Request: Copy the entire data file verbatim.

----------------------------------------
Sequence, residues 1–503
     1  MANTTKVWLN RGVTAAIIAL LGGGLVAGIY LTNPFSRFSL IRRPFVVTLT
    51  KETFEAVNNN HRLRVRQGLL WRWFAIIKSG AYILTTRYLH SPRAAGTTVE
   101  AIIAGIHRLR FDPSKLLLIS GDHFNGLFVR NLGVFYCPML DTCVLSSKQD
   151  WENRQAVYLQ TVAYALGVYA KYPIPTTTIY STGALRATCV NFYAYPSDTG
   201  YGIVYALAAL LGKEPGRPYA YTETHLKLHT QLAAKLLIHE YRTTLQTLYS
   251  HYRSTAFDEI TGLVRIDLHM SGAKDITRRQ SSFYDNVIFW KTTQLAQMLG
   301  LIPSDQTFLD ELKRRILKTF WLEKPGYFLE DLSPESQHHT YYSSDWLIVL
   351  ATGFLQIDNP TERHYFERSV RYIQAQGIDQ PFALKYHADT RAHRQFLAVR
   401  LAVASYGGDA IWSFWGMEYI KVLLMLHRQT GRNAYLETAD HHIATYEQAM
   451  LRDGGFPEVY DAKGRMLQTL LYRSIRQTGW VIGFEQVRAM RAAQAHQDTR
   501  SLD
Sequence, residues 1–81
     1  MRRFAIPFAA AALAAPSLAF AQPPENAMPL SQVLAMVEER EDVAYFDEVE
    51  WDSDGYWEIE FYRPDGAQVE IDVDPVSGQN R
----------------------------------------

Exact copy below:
Sequence, residues 1–503
     1  MANTTKVWLN RGVTAAIIAL LGGGLVAGIY LTNPFSRFSL IRRPFVVTLT
    51  KETFEAVNNN HRLRVRQGLL WRWFAIIKSG AYILTTRYLH SPRAAGTTVE
   101  AIIAGIHRLR FDPSKLLLIS GDHFNGLFVR NLGVFYCPML DTCVLSSKQD
   151  WENRQAVYLQ TVAYALGVYA KYPIPTTTIY STGALRATCV NFYAYPSDTG
   201  YGIVYALAAL LGKEPGRPYA YTETHLKLHT QLAAKLLIHE YRTTLQTLYS
   251  HYRSTAFDEI TGLVRIDLHM SGAKDITRRQ SSFYDNVIFW KTTQLAQMLG
   301  LIPSDQTFLD ELKRRILKTF WLEKPGYFLE DLSPESQHHT YYSSDWLIVL
   351  ATGFLQIDNP TERHYFERSV RYIQAQGIDQ PFALKYHADT RAHRQFLAVR
   401  LAVASYGGDA IWSFWGMEYI KVLLMLHRQT GRNAYLETAD HHIATYEQAM
   451  LRDGGFPEVY DAKGRMLQTL LYRSIRQTGW VIGFEQVRAM RAAQAHQDTR
   501  SLD
Sequence, residues 1–81
     1  MRRFAIPFAA AALAAPSLAF AQPPENAMPL SQVLAMVEER EDVAYFDEVE
    51  WDSDGYWEIE FYRPDGAQVE IDVDPVSGQN R